I’ve always felt that being a student is one of the most challenging jobs there is – a mix of exploration and attempts to master a subject – being a student is a test of personal resolve and confidence. It’s actually not unlike interviewing for a professional employment opportunity, which is also an arena to explore the opportunity for alignment with your goals and a test of your confidence and persistence.


As a professional recruiter and HR executive, I have always admired candidates who are professionally persistent. They follow up, cite prior elements of our conversation and enthusiastically express their interest in the position. I recommend a brief follow-up email or phone call after an interview.
There are many types of interviews, and I encourage you to be prepared and poised.
Phone Interviews are very common and a first screening mechanism for busy recruiters. The recruiter is looking to assess your knowledge, skills and abilities against the job description as well as your motivational fit and interest level. They’ll likely inquire as to your salary expectations and scheduling or travel requirements. Treat it like a formal interview by being prepared. Have notes in front of you and ensure you are not driving or in a crowded place with lots of background noise. Ensure you build rapport, but be succinct and communicate effectively. End by asking a few questions about the company or role.
Skype or Facetime Interviews are also common, especially for jobs requiring relocation. Their primary purpose is also screening, but the visual interaction also allows for assessment of communication style, interpersonal skills, and professional presence. Treat it like a formal interview: prepare yourself and your environment (be aware of the camera field’s view), have notes in front of you, dress for a formal interview, build rapport and make eye contact (look at the camera, not the screen), and have behavioral examples of your skills and abilities ready. Conclude by asking questions about the interviewer, company, and job.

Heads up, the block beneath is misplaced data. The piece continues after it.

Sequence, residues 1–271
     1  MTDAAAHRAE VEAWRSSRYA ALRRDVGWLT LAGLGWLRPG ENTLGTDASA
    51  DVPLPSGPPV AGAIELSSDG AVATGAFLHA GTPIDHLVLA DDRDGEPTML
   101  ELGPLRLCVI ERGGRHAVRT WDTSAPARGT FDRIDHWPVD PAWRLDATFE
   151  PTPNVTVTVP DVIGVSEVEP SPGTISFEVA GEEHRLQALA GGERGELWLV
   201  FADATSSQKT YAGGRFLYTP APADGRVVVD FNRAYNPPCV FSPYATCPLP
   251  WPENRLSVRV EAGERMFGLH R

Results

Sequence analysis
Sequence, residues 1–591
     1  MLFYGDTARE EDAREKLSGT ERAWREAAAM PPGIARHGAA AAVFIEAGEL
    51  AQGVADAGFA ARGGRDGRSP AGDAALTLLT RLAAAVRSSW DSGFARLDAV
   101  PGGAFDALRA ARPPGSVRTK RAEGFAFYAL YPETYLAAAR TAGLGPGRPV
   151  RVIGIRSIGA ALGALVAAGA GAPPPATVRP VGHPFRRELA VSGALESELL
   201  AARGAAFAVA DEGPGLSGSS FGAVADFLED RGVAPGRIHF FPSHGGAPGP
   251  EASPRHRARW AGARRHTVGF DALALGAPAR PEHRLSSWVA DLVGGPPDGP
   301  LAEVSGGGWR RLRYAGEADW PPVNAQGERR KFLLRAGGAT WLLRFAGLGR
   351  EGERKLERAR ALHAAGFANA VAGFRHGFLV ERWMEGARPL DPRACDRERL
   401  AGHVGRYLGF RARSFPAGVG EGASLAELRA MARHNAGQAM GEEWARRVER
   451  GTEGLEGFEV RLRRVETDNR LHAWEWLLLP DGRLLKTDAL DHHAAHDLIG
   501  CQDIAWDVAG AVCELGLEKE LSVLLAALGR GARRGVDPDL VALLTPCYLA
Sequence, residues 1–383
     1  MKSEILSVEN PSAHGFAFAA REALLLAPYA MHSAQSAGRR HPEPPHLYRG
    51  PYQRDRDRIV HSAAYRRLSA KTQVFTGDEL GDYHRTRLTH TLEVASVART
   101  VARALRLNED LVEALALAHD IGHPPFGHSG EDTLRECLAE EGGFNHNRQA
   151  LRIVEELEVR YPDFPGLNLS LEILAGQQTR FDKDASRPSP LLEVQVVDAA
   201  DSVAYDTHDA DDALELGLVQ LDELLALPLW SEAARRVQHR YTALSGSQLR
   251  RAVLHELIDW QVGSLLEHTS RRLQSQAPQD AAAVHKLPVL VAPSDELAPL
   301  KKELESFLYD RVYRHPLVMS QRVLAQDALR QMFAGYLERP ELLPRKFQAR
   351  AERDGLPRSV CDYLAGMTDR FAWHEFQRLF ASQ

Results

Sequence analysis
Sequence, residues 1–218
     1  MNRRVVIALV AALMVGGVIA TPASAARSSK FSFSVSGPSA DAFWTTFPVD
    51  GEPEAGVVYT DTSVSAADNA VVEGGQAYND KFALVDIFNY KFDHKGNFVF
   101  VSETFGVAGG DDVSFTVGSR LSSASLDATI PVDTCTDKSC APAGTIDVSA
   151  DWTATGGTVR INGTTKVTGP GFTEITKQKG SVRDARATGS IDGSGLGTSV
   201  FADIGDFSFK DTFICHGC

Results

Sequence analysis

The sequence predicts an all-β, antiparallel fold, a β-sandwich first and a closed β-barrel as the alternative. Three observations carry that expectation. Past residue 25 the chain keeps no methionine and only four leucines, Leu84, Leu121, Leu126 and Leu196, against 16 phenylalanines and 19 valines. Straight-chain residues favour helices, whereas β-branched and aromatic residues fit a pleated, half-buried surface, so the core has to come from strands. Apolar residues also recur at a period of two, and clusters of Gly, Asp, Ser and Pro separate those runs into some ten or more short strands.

In-person interviews are your ultimate goal. The company extends this invitation with the purpose of screening and assessment of fit with culture, as well as evaluating your communication style, interpersonal skills, professional presence, and fit with the team and company culture, in addition to your knowledge, skills and abilities assessment against the job description, motivational fit, salary expectations and other requirements. This is a formal occasion, and you should always dress for a formal interview, wearing a suit and polished shoes. Work to build rapport and make eye contact regularly throughout the interview. Work on a firm hand shake, smile frequently and have behavioral examples of your skills and abilities ready to share. Conclude by asking questions about the interviewer, company, and job.
Behavioral examples are responses detailing examples from your past. During a behavioral interview, you will be asked questions designed to get you to talk about how you handled or responded to certain situations. Behavioral questions usually begin with a statement like: ‘Tell me about a time when…’ or ‘Can you a describe a situation where…’. With each answer, you’ll be expected to describe experiences from your past, summarizing the situation or tasks, the actions you took and the outcome or results. I’d encourage you to identify 5 to 7 of your strongest attributes/talents and to write out an example that highlights each one in advance of your interview. This exercise will have you prepared and able to more confidently relay your strengths, which is exactly what we hope the interview opportunity affords.
Best wishes for successful interviewing!
Written by: Karen F. Andrews, MSHROD, SHRM-SCP and proud EMU Alum